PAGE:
Summarizes avant-garde elements in Cummings' work, noting his connections to Futurism, Dada, and Vorticism but insisting that his most important innovations are purely his own and lead toward unification of the psyche and radical transformations of modern hermeneutics. In Italian.7 SPRING: The Journal of the E. E. Cummings Society, 4, no. 2 (August), pp. 1-24.
Contains Cummingsiana, John Ordemann's memoir of a discussion with Cummings in the mid-1950s, Norman Friedman's review of two MA theses on Cummings, and comments by Gerry Locklin on Etcetera and other Cummings matters. With a supplement on Robert Shafer's choral setting of five Cummings' poems, William Mooney's one-man show, Damn Everything But the Circus, based on Cummings' writings, and an exhibit of Herriman's "Krazy Kat at the Museum of Cartoon Art.8 SPRING: The Journal of the E. E. Cummings Society, 4, no. 3 (November), pp. 1-24.
Contains Cummingsiana, a report of a conversation about Cummings and psychoanalysis, a letter from D. Jon Grossman on Etcetera, and a letter commenting on the use of Cummings poems in the ministry.9 SPRING: The Journal of the E. E. Cummings Society, 4, no. 4 (December), pp. 1-20.
Contains Cummingsiana and an essay by Norman Friedman on Cummings' influence on his (Friedman's) poetry. [end page 136]10 WEGRODZKA, JADWIGA. "Organizacja Superkodu w Wierszu 'All in green went my love riding...' E. E. Cummingsa." Kwartalnik Neofilologiczny, 31, no. 4, pp. 441-54.
Argues that the structural equivalences and repetitions of Cummings' poem are better understood when its connections to the traditions of descriptive and love poetry are subordinated to its more essential relations to the tradition of religious lyric. Poems by Thompson, Hopkins, Blake, and Claudel suggest contexts. In Polish.11 WELCH, REGIS L. "The Linguistic Paintings of E. E. Cummings, Painter-Poet." Language and Literature, 9, nos. 1-3, pp. 79-89.
Defines Cummings' version of the repudiation of "accepted conventions characterizing the twentieth-century "Revolution of the Word" as involving the transposition to poetry of certain techniques of modern abstract painting in order to create "a dynamic interplay of graphic illustration and verbal significance." Compares Cummings' poetry to visual-verbal work by Sterne, Herbert, and Apollinaire. Concentrates on devices of fragmentation and tmesis in "sh estiffl."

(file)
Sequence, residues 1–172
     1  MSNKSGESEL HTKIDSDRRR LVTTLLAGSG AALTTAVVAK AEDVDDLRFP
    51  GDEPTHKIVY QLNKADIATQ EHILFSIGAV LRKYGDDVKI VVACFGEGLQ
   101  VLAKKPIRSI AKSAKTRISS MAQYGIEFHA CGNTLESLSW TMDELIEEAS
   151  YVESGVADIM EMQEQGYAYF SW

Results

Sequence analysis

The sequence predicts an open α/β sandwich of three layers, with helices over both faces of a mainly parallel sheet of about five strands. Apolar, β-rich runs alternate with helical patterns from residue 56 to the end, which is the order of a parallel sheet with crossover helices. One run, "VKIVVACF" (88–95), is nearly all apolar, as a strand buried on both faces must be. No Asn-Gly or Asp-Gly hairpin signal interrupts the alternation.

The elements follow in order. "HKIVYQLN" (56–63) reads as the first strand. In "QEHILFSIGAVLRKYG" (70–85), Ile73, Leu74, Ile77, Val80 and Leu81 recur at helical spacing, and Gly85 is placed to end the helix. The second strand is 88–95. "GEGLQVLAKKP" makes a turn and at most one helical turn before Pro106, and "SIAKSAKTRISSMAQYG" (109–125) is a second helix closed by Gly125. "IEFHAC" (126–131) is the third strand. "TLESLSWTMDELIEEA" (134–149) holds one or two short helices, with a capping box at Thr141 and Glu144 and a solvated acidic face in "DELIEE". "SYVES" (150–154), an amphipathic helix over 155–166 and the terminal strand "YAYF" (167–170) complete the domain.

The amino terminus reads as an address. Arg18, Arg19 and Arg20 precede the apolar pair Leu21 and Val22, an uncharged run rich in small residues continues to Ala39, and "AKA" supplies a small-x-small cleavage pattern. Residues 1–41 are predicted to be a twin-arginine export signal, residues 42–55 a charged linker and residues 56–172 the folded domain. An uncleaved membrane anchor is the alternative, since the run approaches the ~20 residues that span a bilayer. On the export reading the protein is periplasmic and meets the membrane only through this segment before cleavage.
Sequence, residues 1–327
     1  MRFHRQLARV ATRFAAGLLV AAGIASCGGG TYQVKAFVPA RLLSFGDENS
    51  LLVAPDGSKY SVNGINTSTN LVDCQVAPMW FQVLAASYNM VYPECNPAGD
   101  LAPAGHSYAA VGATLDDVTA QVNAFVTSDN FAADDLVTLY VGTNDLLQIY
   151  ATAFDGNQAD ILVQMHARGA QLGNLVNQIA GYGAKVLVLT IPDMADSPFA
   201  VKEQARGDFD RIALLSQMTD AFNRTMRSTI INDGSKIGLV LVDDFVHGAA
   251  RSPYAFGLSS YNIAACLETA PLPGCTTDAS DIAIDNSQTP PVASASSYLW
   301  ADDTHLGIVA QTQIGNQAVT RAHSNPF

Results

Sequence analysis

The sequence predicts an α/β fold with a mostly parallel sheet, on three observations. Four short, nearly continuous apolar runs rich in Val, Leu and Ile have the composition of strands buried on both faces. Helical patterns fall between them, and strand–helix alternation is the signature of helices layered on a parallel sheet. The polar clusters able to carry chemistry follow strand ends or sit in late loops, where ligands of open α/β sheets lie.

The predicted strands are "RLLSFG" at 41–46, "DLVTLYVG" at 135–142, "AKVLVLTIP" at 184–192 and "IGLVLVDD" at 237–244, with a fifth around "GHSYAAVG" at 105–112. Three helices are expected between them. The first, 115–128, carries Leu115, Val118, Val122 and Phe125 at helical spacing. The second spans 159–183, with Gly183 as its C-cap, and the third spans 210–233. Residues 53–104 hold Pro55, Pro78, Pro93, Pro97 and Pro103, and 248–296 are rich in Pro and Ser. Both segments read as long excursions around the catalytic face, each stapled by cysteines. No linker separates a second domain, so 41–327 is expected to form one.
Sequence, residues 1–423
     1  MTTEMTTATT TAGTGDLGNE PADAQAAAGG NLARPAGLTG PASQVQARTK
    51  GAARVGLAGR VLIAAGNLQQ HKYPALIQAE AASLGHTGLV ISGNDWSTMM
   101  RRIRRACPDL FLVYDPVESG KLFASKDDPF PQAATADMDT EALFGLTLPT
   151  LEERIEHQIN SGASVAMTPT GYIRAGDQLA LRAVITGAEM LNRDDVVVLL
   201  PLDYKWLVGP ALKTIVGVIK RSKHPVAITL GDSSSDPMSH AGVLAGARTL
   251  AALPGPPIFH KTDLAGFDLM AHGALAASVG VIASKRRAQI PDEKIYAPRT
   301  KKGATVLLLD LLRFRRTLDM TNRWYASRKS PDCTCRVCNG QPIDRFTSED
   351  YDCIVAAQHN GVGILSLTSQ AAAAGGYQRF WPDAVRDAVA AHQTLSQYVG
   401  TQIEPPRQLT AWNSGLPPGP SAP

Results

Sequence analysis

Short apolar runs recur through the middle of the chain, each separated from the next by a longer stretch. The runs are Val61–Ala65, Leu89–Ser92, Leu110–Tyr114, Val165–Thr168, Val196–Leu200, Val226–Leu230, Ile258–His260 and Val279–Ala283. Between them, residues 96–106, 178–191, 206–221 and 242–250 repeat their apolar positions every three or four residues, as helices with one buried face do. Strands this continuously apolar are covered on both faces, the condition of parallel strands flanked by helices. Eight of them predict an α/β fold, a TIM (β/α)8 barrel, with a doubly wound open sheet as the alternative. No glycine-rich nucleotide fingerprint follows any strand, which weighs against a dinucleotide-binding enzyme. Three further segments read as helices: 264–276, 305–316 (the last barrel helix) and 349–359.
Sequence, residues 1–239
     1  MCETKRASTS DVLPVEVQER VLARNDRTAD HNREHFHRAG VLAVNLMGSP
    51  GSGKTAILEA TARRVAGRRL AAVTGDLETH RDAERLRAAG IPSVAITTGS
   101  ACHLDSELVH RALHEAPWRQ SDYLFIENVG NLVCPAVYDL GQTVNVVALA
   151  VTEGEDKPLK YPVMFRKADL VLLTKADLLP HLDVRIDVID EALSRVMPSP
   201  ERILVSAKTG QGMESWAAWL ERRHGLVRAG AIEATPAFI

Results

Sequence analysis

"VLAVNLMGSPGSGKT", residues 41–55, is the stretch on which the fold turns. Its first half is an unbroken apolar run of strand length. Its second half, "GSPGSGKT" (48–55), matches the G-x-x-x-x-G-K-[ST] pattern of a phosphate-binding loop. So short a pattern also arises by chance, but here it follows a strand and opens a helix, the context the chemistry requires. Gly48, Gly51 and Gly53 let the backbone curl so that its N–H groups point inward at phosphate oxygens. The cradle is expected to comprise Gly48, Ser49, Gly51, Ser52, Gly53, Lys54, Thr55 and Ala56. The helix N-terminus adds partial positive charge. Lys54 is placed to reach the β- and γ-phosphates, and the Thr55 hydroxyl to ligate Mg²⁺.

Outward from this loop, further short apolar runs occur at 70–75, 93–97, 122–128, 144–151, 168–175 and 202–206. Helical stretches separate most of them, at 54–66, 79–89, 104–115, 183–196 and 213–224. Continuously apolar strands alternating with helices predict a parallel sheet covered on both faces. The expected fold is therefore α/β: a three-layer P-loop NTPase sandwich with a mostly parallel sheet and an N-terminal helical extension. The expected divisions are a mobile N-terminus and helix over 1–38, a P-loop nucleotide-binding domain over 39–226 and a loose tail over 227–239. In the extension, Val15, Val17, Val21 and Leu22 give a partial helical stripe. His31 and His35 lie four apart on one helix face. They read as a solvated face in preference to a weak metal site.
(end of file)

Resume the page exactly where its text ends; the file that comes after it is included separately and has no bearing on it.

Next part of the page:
1 CURETON, RICHARD D. "Poetry, Grammar, and Epistemology: The Order of Prenominal Modifiers in the Poetry of E. E. Cummings." Language and Style, 18, no. 1 (Winter), pp. 64-91.
Sets out to explain in thematic terms why Cummings resorted to syntactic manipulation as he did. While some of Cummings' syntactic deviance is an aspect of art's general project of defamiliarization or a "shock" tactic expressing an iconoclast's need for iconoclastic means, much of it can "be directly associated with Cummings' central vision of life." The case in point is one of Cummings' "favorite constructions, polyadjectival noun phrases." In his work these structures "challenge readers to reorder their conceptions of the relationship between objects and their associated attributes." In English, polyadjectival noun phrases have a functional grammar or constraint which more or less requires a particular order of prenominal modifiers; this order displays an epistemology, since in polyadjectival noun phrases qualities judged to be epistemologically central, stable, and objective typically appear nearer to the object ("head noun") they modify, while qualities judged to be "epistemologically peripheral, unstable, and subjective" typically appear further from it. Cummings exploits this grammatical constraint for [end page 137] thematic purposes: by variously violating a grammatical order reflecting a materialist epistemology (again, the more material an attribute is, the more intrinsic it is thought to be and the nearer it is placed to the noun it modifies), Cummings both expresses and embodies his own alternative and corrective epistemology of spirit. With extensive examples and supporting tables and charts.2 FRIEDMAN, NORMAN. "Hopkins, Cummings, and the Struggle of the Modern," in Hopkins among the Poets: Studies in Modern Responses to Gerard Manley Hopkins. The International Hopkins Association Monograph Series, No. 3. Edited by Richard F. Giles. Hamilton, Ontario: The International Hopkins Association, pp. 47-52. [Ed. note: reprinted in Friedman's (Re)Valuing Cummings: Further Essays on the Poet, 1962-1993 (Gainesville: University Press of Florida, 1996), pp. 39-45.]